Every life has its share of wilderness periods, times when the façade of security is stripped away and we come face to face with our own vulnerability.
Many things can lead us into the desert: the loss of a beloved friend, an unexpected illness, a heart-shattering betrayal. The need for social distancing. Bare shelves. A stock market crash. Or simply cumulative grey days and sleepless nights. For me a desert can look like a chronic illness flare. Sin (our own or others’) can can lead us into the desert. And so can the Holy Spirit (John 4:1).
When desert days come, I often ask, “How do I live this well?”
These last couple of weeks I’ve realized that to answer that question, I need to ask a deeper one: “What is this desert about? What is its purpose?” Often, in the midst of the desert, I won’t know the specific purpose of this desert. (In fact, that inability to understand is often part of the desert.) But as I’ve pondered and prayed and talked with others, I’ve been brought back to these three more general answers to this question. Each offers me hope.
1. The desert is a wooing place
Whether God himself leads us into the desert, or whether we find ourselves there because of viruses or sin or the simple ups and downs of life in this world, God’s heart for us in the desert is always the same: to draw us closer to himself and settle us more deeply into his love.
“And now, here’s what I’m going to do:
I’m going to start all over again.
I’m taking her back out into the wilderness
where we had our first date, and I’ll court her.
I’ll give her bouquets of roses.
I’ll turn Heartbreak Valley into Acres of Hope.
She’ll respond like she did as a young girl,
those days when she was fresh out of Egypt.
“At that time”—this is God’s Message still—
“you’ll address me, ‘Dear husband!’
Never again will you address me,
‘My slave-master!’ (Hosea 2:14-16 The Message)
When I remember that the desert is a woo-ing place—that God is always alive and present and acting in love, even though I may not see it—it’s much easier for me to turn to the One who is seeking my heart in the desert. And it’s also easier to remember these next two truths:
2. The desert is a place of provision.
Often it’s when things are most difficult that we experience God’s tender care and provision most deeply. God doesn’t provide manna in Egypt. He doesn’t need to. But out in the desert? There he drops bread from heaven and draws water from a rock. In the desert we learn that it is God who gives us our daily bread. We grow in trust.
3. The desert is a place of purification…
. . .and purification is always part of our journey into freedom. In the desert, God loosens our grip on old, familiar patters and rhythms of bondage, and prepares us to enter the promised land not just with our bodies but with our hearts and souls. This can take a long time. For the Israelites, it was forty years. But they couldn’t enter the promised land until they had learned to trust God enough to follow him into it. Later, Israel couldn’t learn again to call God her husband until she had been separated from her false lovers. Being separated from our false lovers and pretend securities is painful. And it is grace.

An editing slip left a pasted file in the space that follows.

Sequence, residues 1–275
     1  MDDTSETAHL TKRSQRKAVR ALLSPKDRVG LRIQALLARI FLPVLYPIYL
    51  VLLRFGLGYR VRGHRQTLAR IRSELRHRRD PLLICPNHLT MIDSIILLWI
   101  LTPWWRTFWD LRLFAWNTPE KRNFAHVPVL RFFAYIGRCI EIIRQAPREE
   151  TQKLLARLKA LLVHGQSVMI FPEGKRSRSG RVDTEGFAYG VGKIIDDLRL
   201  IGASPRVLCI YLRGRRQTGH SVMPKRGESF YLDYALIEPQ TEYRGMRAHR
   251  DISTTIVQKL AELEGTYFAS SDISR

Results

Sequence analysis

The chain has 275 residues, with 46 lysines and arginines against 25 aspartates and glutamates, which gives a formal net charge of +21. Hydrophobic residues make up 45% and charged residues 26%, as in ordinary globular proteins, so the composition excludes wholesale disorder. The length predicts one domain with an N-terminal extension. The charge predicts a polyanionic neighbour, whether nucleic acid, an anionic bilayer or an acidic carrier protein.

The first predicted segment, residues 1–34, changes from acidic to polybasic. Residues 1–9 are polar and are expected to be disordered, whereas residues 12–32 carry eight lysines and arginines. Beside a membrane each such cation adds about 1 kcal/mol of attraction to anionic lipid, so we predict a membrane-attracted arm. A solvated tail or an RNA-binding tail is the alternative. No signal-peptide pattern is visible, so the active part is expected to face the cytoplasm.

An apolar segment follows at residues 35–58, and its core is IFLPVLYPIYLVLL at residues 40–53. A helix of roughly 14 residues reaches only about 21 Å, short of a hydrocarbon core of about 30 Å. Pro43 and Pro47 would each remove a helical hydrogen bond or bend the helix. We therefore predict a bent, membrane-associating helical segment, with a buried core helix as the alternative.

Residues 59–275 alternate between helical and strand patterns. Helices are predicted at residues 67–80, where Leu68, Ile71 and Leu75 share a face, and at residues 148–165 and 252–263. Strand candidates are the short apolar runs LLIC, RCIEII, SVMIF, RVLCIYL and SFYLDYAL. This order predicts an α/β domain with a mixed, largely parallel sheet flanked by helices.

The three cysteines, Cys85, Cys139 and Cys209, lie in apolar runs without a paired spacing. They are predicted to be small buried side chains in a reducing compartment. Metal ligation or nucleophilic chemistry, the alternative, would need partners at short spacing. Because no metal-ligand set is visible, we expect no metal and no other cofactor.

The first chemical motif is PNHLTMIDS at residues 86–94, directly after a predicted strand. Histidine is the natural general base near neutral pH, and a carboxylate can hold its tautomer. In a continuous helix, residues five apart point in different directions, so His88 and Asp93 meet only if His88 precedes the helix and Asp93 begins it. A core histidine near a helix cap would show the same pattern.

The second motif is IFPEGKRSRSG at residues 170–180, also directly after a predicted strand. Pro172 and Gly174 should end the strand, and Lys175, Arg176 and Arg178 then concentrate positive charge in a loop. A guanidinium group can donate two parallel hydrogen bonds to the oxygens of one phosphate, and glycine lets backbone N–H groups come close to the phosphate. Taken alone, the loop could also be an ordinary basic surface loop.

We don’t get to choose whether or not to be in the desert, but we do get to choose how we live there.
We can direct our attention to the wild beasts, or we can notice and savor the ways God is caring for us in the midst of the pain. Though we may not be able to offer God what we’d like to, there is always something else we can offer: our longing, our openness, our honesty, our willingness to engage with him and wait for him and be filled by him in our weakness and emptiness.
And we can remember: Jesus has been there too. Even Jesus, immediately after being publicly named God’s beloved Son, was led by the Holy Spirit into the desert. He needed no purification, but he was stretched and tested and proven. Even Jesus had to choose to trust his Father’s love and provision. And, both when his testing took place in an external wilderness with wild beasts and in a garden that felt like the most wild, tormenting place in his life, he was tenderly cared for (Matt 4:11, Luke 11:43). This comforts me, because it means at least these three things: Jesus understands. Comfort will come. And we may be exactly where we’re meant to be for this time, being wooed and drawn a little more deeply into God’s love.